Have you ever been excited? Perhaps you won a lottery, bought a nice car, moved to a lovely apartment, had your first baby, built your own house, got your dream job, married your sweetheart, visited an exotic place, bought a new gadget, discovered your passion, got saved, went shopping (till you dropped), threw a successful party? The list is endless. At least one of the above must have happened to you so you know what I mean by “excitement”. How long did it last?
I sat wondering this morning why all the excitement when it all goes away in a short while (within few days or months at a max.). So what does that tell us? Whatever it is we get excited about usually come with some responsibilities afterward and many people do not love the “work” associated. If you bought a nice car, soon you’ll realize you need to service, fuel and maintain it. If only there was car that you do not have “do” anything about and it just starts whenever you turn the key in the ignition. Wouldn’t you just love it? Wouldn’t the excitement last longer? But I tell you, even with this, you will eventually wish you had a car that you do not have to walk to, insert the key or turn the steering and so you get less excited about the car. Even for those who have drivers who maintain the car and drive them in it, they will eventually fancy the car less after a while and wish for another newer model of the same make or another.
Or perhaps you had your first child, oh the joy of cuddling that little angel in your arms. Then you realize your sleep ration is cut short dramatically, you need to clean up poop, you need to sacrifice going to a function to stay with the sick little one or that you can’t buy as many jewelries or gadgets as you would love to because there’s a third person. And someone told you it even gets more difficult when that little one becomes a teenager……
Or could it be that you got saved and you felt like walking in the air (personal experience) and you just couldn’t believe the peace and joy that came over you. But after a little while you don’t feel that same way. Of course you are still saved but you begin to realize that there’s work to be done, there are conscious choices to be made to do right, there is a change of mindset required, there are times of trials and tribulations and that you must “work it out” with fear and trembling.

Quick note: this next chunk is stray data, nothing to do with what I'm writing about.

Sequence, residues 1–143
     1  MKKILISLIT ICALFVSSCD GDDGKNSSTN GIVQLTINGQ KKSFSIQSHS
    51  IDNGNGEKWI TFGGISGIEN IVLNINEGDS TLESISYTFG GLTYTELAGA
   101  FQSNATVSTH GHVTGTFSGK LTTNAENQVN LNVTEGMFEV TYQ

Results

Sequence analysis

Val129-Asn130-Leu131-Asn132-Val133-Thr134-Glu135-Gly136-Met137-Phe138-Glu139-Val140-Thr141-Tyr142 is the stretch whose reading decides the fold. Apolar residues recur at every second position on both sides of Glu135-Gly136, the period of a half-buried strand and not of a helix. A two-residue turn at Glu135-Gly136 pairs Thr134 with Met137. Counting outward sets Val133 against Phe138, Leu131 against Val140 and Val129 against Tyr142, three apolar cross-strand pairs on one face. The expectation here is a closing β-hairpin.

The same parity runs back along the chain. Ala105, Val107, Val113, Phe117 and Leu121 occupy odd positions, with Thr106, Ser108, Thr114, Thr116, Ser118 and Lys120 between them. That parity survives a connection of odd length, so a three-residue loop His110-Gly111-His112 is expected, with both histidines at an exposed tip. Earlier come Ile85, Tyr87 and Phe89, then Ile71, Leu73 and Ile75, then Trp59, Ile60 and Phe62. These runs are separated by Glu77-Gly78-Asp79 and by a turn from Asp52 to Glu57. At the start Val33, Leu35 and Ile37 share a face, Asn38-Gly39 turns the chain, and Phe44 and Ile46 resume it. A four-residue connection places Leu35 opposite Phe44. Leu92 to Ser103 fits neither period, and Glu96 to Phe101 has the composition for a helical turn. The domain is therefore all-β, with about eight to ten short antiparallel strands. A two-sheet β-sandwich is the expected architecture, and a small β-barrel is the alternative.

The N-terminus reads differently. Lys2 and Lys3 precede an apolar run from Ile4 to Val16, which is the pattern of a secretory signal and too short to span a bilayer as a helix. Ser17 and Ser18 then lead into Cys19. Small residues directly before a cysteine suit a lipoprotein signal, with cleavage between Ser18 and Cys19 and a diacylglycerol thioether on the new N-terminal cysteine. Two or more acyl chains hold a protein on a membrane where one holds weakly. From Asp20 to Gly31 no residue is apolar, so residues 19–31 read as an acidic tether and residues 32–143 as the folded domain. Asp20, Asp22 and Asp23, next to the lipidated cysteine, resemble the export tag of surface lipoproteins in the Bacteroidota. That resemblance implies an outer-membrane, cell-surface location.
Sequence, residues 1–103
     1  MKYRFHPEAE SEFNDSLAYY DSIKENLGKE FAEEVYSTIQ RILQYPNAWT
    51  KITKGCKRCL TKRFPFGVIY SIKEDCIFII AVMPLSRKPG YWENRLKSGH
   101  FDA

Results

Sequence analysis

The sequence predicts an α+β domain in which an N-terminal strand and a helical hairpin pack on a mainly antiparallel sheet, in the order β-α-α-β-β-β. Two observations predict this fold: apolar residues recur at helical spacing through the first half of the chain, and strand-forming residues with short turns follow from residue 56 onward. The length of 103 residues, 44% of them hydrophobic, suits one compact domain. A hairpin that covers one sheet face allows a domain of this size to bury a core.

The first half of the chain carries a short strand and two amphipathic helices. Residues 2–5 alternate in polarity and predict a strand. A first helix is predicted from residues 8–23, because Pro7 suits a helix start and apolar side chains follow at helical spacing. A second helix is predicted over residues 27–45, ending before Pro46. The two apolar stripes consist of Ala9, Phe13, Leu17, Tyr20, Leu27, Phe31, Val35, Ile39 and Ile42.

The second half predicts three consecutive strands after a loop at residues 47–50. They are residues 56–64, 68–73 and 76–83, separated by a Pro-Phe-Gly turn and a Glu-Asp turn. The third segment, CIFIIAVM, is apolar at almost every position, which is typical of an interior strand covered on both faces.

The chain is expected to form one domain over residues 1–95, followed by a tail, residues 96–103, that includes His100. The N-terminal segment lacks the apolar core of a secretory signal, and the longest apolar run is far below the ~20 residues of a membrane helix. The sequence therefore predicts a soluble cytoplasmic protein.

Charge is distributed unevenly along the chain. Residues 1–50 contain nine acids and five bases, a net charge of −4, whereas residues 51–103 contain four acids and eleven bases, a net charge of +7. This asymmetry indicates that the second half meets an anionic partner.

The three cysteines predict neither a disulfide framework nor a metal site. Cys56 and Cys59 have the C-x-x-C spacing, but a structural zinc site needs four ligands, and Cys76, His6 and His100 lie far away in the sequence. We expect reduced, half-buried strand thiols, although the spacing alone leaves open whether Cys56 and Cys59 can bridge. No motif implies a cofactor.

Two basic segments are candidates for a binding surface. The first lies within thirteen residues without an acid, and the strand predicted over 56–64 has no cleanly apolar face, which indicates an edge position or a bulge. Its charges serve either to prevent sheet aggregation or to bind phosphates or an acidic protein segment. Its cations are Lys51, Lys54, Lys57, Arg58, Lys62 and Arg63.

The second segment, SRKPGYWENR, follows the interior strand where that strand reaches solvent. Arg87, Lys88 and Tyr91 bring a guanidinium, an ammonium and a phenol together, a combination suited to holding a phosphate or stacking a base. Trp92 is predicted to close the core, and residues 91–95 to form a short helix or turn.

We can clearly see that excitement comes with either material (as buying a new shoe) thing or immaterial (as conversion of faith) but in both cases we see it wear out after a while. It then means that the initial excitement is not enough, we need to “keep up” with the responsibilities associated with the object of such excitement and come to a place of a more meaningful emotion that could last longer. Many try to “keep the excitement up” by shopping every week, changing jobs/cars every six months because they feel like a jerk after the IGG (slang – Initial Gra Gra (gra gra is pidgin for excitement)) is gone. They are still in possession of the “thing” but they “feel” it’s not as new, shiny, fulfilling, motivating, challenging as before. Little wonder that the psalmist prayed “restore unto me the joy of my salvation”. He must have felt flat and empty after a while.
My little girl would rather it was her birthday every single day (if only she knew that everyday is not Christmas). The excitement of the last party she had was gone and she’d love to revive that feeling by throwing another one. You can actually see a similarity between my little girl and some adults who shop every week or change jobs flippantly.
Responsibility is actually response-ability or ability to choose your response. We can choose to get excited about the “works” associated with the object of our initial excitement. That way, the excitement will go on a longer journey with us.
Enjoy your week! (wink wink). And thanks for stopping by.
If you noticed, I haven’t written a post since April, I also need to get excited about the works. Lol